05/11/2008 - 22:00

Consultants upbeat despite uncertainty

05/11/2008 - 22:00

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RUMOURS of the death of consulting engineering appear to have been greatly exaggerated.

Consultants upbeat despite uncertainty

RUMOURS of the death of consulting engineering appear to have been greatly exaggerated.

The market turmoil and its increasing impact on resources sector projects has fuelled speculation of big lay-offs across the engineering sector, especially among the more nomadic contractors who have extracted strong earnings and conditions in the previously tight market for skills.

But calls to businesses named in the rumours, as well as to numerous others, found only one firm admitting to cutting staff.

That was Western Australia's biggest player, WorleyParsons Ltd, which confirmed to WA Business News that it was shedding about 70 contractors after key client Fortescue Metals Group Ltd revealed it was decelerating its expansion drive.

Earlier this week, the sector was stunned to hear iron ore producer Mount Gibson Iron Ltd had cut 190 jobs and was selling iron ore at less than half of benchmark prices.

But even WorleyParsons, which employs about 4,000 people in WA, remained positive, pointing out that 180 staff had been redeployed to other projects where it had shortages.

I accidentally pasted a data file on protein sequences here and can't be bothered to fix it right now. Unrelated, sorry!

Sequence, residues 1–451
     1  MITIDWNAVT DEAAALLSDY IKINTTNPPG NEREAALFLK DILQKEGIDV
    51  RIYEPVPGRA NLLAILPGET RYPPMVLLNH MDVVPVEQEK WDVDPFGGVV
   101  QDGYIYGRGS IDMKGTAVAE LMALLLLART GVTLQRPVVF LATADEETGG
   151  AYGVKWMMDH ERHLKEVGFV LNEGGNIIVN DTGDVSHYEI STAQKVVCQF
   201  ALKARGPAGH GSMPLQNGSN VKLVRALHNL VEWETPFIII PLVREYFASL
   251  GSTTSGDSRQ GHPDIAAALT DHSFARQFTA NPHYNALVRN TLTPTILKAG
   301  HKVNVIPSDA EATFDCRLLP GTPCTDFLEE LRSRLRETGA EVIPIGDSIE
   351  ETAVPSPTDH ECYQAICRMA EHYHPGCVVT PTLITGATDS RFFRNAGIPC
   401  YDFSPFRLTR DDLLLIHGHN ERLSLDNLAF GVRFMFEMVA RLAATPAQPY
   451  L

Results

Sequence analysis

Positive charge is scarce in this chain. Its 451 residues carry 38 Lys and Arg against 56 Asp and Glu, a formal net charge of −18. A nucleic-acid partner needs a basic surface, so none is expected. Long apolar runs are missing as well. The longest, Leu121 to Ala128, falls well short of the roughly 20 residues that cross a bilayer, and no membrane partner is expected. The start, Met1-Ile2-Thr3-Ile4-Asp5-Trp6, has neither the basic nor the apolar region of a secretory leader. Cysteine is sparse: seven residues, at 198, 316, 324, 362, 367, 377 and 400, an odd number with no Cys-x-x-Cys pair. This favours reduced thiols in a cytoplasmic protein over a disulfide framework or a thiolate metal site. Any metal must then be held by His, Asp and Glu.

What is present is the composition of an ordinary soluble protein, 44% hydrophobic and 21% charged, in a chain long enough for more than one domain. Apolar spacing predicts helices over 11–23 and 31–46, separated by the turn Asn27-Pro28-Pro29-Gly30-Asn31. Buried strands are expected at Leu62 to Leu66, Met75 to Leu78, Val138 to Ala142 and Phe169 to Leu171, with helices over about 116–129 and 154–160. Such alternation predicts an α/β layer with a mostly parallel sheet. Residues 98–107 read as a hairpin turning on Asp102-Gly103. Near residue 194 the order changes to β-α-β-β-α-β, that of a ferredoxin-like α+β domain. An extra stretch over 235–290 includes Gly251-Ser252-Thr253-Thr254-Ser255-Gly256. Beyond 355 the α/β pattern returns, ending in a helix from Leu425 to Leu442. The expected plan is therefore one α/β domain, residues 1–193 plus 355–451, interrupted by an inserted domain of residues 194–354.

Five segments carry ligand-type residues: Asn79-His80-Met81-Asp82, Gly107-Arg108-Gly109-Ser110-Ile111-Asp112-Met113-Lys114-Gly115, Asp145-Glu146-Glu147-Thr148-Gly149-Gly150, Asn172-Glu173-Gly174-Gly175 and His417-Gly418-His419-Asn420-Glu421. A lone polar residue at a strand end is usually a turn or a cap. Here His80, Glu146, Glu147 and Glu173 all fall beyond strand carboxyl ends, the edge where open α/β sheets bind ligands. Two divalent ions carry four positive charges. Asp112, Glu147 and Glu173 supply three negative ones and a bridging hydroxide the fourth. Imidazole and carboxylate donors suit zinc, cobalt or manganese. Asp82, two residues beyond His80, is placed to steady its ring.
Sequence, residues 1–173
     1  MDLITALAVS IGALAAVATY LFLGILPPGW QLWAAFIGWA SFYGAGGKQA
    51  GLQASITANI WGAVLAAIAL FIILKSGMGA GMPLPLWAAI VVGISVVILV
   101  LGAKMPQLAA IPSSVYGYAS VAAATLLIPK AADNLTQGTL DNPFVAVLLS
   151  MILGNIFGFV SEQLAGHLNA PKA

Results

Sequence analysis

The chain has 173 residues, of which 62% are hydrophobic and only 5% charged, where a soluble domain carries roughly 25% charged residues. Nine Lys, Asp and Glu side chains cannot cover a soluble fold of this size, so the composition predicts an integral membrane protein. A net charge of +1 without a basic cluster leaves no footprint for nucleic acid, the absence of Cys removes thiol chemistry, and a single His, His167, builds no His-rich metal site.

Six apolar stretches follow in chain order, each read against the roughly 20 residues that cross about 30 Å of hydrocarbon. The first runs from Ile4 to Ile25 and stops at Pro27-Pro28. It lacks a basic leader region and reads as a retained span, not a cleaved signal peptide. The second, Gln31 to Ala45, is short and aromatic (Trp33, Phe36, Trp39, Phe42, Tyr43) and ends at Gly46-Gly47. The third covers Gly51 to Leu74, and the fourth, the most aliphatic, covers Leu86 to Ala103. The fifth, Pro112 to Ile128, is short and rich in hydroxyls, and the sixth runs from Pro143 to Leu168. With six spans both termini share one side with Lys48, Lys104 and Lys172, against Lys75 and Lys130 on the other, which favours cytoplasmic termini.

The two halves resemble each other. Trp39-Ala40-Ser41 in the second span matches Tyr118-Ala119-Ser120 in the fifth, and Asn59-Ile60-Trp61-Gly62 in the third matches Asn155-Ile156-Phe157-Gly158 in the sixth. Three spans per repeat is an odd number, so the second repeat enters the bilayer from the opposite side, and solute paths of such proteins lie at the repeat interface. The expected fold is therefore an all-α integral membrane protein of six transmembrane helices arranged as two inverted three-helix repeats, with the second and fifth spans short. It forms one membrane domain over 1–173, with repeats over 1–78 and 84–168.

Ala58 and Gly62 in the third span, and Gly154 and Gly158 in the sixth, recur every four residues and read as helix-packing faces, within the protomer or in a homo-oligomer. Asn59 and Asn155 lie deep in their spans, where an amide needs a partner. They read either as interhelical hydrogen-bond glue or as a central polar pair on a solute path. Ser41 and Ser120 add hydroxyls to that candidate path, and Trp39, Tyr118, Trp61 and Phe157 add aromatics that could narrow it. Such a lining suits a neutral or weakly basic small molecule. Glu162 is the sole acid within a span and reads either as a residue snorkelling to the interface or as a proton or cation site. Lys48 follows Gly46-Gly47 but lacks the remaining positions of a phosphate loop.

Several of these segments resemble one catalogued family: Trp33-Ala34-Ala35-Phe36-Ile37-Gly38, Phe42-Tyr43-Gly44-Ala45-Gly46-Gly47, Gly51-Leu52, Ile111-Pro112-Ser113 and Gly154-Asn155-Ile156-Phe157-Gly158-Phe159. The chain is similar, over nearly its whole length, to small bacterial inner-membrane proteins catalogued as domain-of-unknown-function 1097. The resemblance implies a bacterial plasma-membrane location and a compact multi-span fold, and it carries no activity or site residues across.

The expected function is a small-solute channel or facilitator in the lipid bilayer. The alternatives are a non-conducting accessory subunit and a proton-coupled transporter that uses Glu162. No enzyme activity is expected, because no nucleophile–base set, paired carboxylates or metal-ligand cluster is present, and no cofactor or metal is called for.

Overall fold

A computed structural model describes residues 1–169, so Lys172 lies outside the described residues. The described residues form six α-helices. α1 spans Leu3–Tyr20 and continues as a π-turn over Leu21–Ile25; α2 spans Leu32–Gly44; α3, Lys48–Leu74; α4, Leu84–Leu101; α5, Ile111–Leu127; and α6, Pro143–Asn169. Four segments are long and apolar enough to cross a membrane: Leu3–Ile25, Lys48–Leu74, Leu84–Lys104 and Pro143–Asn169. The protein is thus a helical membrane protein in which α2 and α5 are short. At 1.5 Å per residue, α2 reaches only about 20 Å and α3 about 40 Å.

Redeployment appears to already be a common practice, as projected work is put on hold or existing jobs are slowed down. One of the state's leading consultancies confirmed it had moved people to different projects as a result of some clients' reactions to the global situation.

"Where clients store or stop things we have redeployed," he said.

"Our clients are assessing the situation and that will obviously flow-on to us as a service provider, but as it stands at the moment we have plenty of work to engage our people."

One resources company focusing the attention of the market is Rio Tinto Ltd which, in the middle of defending a hostile takeover from BHP Billiton Ltd, has repeatedly warned that orders from China are slowing.

Rio Tinto has one of the state's most aggressive expansion plans, so the belief that it is reviewing all of its capital expenditure plans is focusing the minds of everyone in the sector, not just those with direct exposure.

Several consultancy leaders pointed out that the number of employment advertisements had remained high, even as recently as the weekend.

Association of Consulting Engineers Australia WA chairman David Porter said that while there had been a slowdown in some sectors, such as property development, overall the workload remained high.

"Everybody is still busy. They are still looking for staff, the right staff. The guys in the resources area have not seen a drop-off," Mr Porter said.

However, Mr Porter did highlight the concerns of some in the sector surrounding the intentions of the new state government which has yet to make clear which major projects would be shelved and where regional infrastructure spending would occur.

To date, Premier Colin Barnett has only indicated that the new Subiaco sports stadium, WA Museum proposed for East Perth and the Perth foreshore plans may be dumped in favour of smaller projects such as the Northbridge link and a museum redevelopment at its existing site.

Councils in the north, such as Wanneroo, are concerned that the railway extension to Butler may be dropped down the priority list

STANDING BY BUSINESS. TRUSTED BY BUSINESS.

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